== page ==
The Laird O’Yarpha: Episode 2: Harray

Mind on: this was published by David Vedder in 1832

Harray, celebrated over the whole archipelago for the peculiarities of its inhabitants, their singular manners and customs, their uncouth appearance, and homely address. Being the most “landward” district in the large island of Pomona, and consequently having little intercourse with strangers, it has become the stronghold of ancient saws, superstitions, and habits. Modern innovation having pushed these from their pedestals in almost all other parts of the island.

Its form of government, too is mightily in favour of “auld use and wont”, as it is almost entirely divided amongst a class of men yclept petty, or pickie lairds; each ploughing his own fields and reaping his own crops, much in the same manner their great great grandfathers did in the days of Earl Patrick.

Improvement, with her strange dress and foreign accent, like Noah’s dove, has hitherto found no resting place for the sole of her foot. Such is their love for the wisdom of their ancestors, that many of them cast a lingering look, not unmixed with reverence , on certain spots held sacred by their Scandinavian ancestors.


The Odin Stone

When a vow takes place between two young people, it becomes tenfold more sacred if the parties repair to those gigantic Druidical stones, one of which is perforated, and grasp each other’s hand through the perforation, muttering some Runic rhyme, and interweaving each other’s fingers. This ceremony becomes binding with a vengeance, for no other person afterwards would become affianced to either of the parties, were our race to become extinct in consequence.

One of the most important personages in this parish was Magnus, a farmer of no mean repute, and, let me add, of no mean extraction. Mansie, for that is the provincial appellation, could boast of a pure Scandinavian descent, uncontaminated by either Gael or Saxon blood.  But Mansie had fallen on evil days and evil tongues.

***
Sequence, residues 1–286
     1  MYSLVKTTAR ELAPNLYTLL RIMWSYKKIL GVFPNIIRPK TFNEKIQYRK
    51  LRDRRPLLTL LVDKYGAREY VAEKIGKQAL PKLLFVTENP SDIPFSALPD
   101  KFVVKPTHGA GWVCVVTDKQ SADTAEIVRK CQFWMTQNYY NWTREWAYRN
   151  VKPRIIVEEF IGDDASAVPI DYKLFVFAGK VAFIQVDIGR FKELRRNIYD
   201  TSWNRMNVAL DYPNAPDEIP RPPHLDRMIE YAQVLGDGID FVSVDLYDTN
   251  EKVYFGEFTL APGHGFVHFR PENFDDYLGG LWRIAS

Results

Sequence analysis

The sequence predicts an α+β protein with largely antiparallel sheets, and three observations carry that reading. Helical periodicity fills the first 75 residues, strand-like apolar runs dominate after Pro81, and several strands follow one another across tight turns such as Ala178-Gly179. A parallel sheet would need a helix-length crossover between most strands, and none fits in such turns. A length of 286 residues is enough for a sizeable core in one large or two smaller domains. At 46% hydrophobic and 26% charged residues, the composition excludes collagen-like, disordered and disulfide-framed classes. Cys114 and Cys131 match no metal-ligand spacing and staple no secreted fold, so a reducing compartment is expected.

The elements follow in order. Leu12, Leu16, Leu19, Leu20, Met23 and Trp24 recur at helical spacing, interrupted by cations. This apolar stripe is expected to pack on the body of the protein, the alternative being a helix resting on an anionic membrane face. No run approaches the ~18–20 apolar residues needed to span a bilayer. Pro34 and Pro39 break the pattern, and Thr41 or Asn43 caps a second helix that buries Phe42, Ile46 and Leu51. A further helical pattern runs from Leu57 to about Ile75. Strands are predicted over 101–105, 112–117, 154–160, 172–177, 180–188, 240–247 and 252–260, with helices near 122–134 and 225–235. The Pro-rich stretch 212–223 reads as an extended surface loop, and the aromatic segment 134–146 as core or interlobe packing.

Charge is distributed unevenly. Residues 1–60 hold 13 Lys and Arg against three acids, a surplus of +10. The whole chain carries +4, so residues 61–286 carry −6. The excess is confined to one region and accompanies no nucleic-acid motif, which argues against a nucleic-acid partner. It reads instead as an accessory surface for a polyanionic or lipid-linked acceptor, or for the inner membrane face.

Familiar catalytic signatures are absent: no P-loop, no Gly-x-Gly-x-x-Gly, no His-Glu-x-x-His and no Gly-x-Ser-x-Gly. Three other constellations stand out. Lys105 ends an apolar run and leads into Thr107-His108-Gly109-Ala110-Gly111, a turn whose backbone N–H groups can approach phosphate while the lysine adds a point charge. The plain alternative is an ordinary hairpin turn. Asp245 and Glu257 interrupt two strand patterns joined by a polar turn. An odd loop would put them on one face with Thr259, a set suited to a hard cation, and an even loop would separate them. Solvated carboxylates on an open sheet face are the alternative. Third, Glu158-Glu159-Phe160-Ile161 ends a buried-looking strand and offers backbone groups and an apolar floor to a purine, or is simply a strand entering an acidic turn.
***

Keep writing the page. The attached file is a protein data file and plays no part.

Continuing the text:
When his venerable father was carried to the “field of graves” ,he insisted strenuously that the corpse would be interred inside the church. This, however, was over ruled by the local authorities. Mansie protested stormed, fleeched, threatened, and entreated by turns; but the die was cast – the authorities were inexorable – the body was “yirded” among the ignoble dead; and seeing there was nothing to be made of disputing with the collective wisdom of the parish, like a true philosopher, he submitted; with this salvo, however, “Ye may just e’en do it this time, but **** me if ever ye do the like again”.

What a delightful treat it would have been to have seen him on a spring morning ploughing his fields dressed in a “sheep black” coat, waistcoat, and inexpressibles, bedizened over with large pewter buttons of his own casting – long,lank, sandy hair, issuing, unpruned, unshorn, from beneath his broad blue “bannet” – a long bare scraggy neck, bronzed with the suns of forty years – nose somewhat aquiline, with a brown aqueous substance pendant therefrom – upper lip begrimmed with a certain titillating powder, vulgarly ycleped “beggar’s snuff;” while his legs were completely enveloped in twisted straw, generally known by the name of “strae boots”.

From ‘Orcadian Sketches’ by David Vedder (1832)

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